Griffith Observatory Sky Report for the week ending Wednesday, August 7, 2013

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This is the Griffith Observatory Sky Report for the week ending Wednesday, August 7, 2013. Here is what’s happening in the skies of Southern California:

You can’t miss the brilliant white planet Venus in the evening twilight. Venus, the brightest planet, is above the western horizon for about 90 minutes after sunset. Through a telescope, the cloud-covered planet displays a gibbous phase.

Starting about 30 minutes after sunset, the ringed planet Saturn is also visible. Saturn is above the southwest horizon in Virgo the Maiden. It appears a little higher than Venus, and sets in the west-southwest at midnight. A telescope is needed to see Saturn’s spectacular system of rings, now tilted about 18 degrees in our direction.

Look just above the east-northeast horizon during dawn, at 5:20 a.m., to see three morning planets. The brightest of the three, Jupiter, is also the highest. Below Jupiter is orange Mars and between Mars and the horizon is Mercury. The waning crescent moon will pose near the three planets on the mornings of the 3rd and 4th.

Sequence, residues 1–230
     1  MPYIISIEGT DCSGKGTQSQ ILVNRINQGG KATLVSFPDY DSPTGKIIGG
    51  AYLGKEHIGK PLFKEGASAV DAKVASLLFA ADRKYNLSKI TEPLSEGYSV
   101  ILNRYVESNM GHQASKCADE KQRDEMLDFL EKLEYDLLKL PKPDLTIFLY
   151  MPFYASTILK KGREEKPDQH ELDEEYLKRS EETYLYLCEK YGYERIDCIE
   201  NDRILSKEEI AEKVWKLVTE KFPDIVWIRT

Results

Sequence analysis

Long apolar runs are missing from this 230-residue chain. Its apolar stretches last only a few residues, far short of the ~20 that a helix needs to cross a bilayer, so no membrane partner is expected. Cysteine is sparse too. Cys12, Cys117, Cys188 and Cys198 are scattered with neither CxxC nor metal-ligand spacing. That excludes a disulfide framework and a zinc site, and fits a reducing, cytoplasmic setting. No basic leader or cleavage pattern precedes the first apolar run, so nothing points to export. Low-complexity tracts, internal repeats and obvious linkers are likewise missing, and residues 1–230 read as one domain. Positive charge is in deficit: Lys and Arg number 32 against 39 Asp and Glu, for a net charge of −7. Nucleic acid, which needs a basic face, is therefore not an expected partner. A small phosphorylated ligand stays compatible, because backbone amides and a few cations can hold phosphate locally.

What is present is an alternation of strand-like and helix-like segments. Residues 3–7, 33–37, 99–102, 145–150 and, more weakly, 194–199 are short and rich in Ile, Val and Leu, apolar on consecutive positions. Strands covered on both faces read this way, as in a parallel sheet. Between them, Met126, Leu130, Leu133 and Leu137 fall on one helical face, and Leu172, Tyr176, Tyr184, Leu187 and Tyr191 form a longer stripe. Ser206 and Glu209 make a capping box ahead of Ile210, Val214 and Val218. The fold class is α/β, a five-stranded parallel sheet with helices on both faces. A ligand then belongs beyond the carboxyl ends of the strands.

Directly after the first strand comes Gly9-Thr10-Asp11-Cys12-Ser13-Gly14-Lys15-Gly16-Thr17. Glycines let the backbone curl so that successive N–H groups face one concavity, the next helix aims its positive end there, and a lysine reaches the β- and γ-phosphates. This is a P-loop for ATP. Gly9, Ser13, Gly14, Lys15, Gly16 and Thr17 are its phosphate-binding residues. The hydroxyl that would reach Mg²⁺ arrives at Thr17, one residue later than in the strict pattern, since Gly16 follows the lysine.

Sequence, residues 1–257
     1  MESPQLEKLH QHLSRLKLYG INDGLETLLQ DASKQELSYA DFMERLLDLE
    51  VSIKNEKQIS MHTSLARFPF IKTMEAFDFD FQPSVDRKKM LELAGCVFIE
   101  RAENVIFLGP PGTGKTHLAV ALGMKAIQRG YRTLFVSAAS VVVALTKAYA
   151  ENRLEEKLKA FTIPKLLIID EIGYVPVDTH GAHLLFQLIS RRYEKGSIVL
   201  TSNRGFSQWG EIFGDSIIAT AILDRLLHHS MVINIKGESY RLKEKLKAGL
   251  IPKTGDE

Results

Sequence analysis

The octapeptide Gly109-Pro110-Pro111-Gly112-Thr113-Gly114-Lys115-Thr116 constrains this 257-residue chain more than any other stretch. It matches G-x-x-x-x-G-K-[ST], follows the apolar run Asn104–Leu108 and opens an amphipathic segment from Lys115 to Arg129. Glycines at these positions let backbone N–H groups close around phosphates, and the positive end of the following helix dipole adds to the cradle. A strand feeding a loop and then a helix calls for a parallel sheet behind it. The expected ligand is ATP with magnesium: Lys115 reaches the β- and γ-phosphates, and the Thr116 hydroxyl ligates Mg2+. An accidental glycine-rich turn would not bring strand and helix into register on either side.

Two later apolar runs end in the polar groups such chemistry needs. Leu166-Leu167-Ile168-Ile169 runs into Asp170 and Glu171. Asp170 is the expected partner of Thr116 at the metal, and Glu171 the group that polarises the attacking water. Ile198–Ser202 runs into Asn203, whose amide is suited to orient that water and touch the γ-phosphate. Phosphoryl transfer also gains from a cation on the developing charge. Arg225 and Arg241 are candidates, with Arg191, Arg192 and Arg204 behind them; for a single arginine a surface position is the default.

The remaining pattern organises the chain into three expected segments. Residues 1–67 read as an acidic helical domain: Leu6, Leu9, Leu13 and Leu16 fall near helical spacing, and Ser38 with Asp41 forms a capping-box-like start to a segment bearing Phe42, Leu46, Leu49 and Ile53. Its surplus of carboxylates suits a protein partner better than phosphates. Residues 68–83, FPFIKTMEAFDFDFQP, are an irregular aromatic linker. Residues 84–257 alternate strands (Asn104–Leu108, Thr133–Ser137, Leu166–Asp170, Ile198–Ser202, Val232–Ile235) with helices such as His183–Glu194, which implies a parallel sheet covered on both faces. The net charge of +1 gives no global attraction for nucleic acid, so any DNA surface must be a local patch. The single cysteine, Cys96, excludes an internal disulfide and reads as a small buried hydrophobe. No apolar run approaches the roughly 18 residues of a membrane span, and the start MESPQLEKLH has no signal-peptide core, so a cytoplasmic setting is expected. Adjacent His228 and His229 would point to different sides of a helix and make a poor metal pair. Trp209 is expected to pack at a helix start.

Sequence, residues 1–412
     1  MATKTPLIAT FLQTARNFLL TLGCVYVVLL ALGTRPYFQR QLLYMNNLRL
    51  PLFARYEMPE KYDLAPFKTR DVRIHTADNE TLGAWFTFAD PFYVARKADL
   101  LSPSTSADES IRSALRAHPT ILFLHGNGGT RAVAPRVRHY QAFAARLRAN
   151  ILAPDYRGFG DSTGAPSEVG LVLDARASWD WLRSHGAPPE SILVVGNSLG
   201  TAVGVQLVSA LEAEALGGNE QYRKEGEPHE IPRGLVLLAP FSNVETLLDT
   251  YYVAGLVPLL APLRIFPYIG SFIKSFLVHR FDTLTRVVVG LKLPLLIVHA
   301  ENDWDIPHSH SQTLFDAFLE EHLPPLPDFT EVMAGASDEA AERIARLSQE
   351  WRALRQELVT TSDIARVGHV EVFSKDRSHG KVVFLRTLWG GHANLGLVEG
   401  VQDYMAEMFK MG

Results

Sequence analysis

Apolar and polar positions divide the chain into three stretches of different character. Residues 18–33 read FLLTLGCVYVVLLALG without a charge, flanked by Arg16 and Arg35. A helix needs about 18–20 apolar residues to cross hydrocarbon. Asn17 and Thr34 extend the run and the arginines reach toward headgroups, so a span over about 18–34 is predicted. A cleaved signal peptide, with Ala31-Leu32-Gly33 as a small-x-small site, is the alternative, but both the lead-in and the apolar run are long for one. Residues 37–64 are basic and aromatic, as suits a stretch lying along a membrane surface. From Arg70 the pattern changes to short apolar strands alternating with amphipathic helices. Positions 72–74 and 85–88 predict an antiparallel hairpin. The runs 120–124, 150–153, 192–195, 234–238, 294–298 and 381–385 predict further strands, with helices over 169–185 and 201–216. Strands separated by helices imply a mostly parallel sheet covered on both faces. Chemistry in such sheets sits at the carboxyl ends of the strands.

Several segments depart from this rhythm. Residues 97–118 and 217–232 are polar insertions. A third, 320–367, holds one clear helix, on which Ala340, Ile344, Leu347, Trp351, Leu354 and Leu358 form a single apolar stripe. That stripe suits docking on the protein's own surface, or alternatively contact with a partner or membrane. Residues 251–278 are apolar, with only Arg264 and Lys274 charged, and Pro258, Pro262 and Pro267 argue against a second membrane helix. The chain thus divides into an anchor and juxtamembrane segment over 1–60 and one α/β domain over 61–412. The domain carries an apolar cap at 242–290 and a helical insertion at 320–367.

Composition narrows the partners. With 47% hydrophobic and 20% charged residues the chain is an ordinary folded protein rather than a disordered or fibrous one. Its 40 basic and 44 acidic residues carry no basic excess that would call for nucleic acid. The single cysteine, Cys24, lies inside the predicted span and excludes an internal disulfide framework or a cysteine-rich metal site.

A popular summertime astronomical event, the Perseid meteor shower, will reach its peak on the nights and early mornings of August 11/12 and 12/13 next week, but some activity can already be seen. From a dark wilderness location in the hour before dawn, you should expect to see meteors in increasing numbers, from 5 to 17 per hour between the 1st and the 7th. The numbers should increase to about 80 per hour at the peak.

The International Space station should make a spectacular passage, 261 miles above Los Angeles, on the evening of Sunday, August 4. The ISS will cross the entire sky, from southwest to northeast between 9:07 and 9:14 p.m., P.D.T. Rivaling Venus in brightness, the ISS will pass nearly overhead at 9:11 p.m.

Free views of the sun during the day and of the moon, planets, and other celestial objects at night, are available to the public in clear weather through Griffith Observatory’s telescopes Tuesday-Sunday before 9:30 p.m. Check our website for our schedule. The next public star party on the grounds of Griffith Observatory, hosted by the Los Angeles Astronomical Society, the Sidewalk Astronomers, and the Planetary Society, will take place on Saturday, August 17.

From Griffith Observatory, I’m Anthony Cook and I can be reached at